Alzheimer’s Disease is an extremely debilitating neurodegenerative disorder, leading it to be a major research topic. Alzheimer’s is thought to have a largely genetic basis, but risk factors, such as TBIs have been identified. Caused by amyloid plaque buildup in the brain, the disease inhibits appropriate communication between neurons, as well as neuronal death in much of the cerebral cortex as well as subcortical areas. Alzheimer’s typically effects older people, but new research suggests that interventions to prevent Alzheimer’s need to begin much earlier than previously thought. The brains of 48 deceased people aged 20-99 were analyzed, and the results were shocking. Amyloid plaques were found in people as young as 20 who suffered no known mental health problems. A main cause of the horrific disease can be hiding in the brains of people who are young enough to be in college (yikes!). The plaque buildup was specifically found surrounding cholinergic neurons of the basal forebrain region, which is heavily involved in learning and memory and attacked in Alzheimer’s.
Because of the lack of information on the subjects before they died, researchers aren’t yet aware of what this means. It is undeniable, however, that this is crucial information in the treatment of Alzheimer’s. The plaque buildup in people so young could have implications for a heavy genetic influence on the disease. Because some of the subjects were so young, it becomes more unlikely that an environmental factor would cause this buildup. And though terrifying, these findings will hopefully shed more light on just how complicated and aggressive this disease can be.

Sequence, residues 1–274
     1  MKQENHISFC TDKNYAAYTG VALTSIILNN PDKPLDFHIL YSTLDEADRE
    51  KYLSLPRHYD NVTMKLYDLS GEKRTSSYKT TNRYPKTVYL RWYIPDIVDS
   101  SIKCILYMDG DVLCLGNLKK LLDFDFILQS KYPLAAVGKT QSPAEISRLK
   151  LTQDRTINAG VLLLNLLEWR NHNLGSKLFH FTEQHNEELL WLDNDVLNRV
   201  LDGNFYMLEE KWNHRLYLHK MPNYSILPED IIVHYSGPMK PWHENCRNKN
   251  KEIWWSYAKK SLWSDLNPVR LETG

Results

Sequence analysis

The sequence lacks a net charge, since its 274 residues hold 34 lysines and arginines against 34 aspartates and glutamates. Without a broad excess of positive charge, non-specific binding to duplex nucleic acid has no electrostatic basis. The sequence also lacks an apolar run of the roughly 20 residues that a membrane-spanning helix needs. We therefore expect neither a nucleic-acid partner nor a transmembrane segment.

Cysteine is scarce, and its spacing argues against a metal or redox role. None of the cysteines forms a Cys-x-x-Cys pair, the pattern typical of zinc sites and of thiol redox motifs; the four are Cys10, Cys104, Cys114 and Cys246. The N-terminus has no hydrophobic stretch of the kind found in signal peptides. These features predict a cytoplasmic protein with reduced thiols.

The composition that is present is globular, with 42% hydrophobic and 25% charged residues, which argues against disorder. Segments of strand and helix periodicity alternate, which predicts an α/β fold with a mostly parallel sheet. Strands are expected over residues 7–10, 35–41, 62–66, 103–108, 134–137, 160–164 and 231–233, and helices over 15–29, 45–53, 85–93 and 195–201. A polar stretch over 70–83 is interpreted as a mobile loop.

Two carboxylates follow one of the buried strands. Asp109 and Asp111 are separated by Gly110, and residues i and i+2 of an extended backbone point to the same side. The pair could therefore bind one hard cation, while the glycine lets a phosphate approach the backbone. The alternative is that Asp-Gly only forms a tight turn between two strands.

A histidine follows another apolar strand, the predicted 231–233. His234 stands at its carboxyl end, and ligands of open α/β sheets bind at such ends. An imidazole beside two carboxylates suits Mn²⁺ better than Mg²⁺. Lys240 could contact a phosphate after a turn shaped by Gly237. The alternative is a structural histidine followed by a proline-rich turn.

A major shortcoming of the study is that the subjects were deceased when their brains were analyzed. Therefore, it was extremely difficult to correlate the amyloid plaque with any additional variables. Unfortunately, Alzheimer’s is very difficult to diagnose without autopsy or biopsy. Usually, Alzheimer’s is diagnosed when other causes of dementia have been ruled out. This makes it extremely difficult to see amyloid plaque in the brains of living people. I guess all we can do now is keep hoping for advances in the treatment of Alzheimer’s!
Alaina Baker-Nigh , Shahrooz Vahedi , Elena Goetz Davis , Sandra Weintraub , Eileen H. Bigio , William L. Klein , Changiz Geula. Neuronal amyloid-β accumulation within cholinergic basal forebrain in ageing and Alzheimer’s disease. Brain, March 2015 DOI: 10.1093/brain/awv024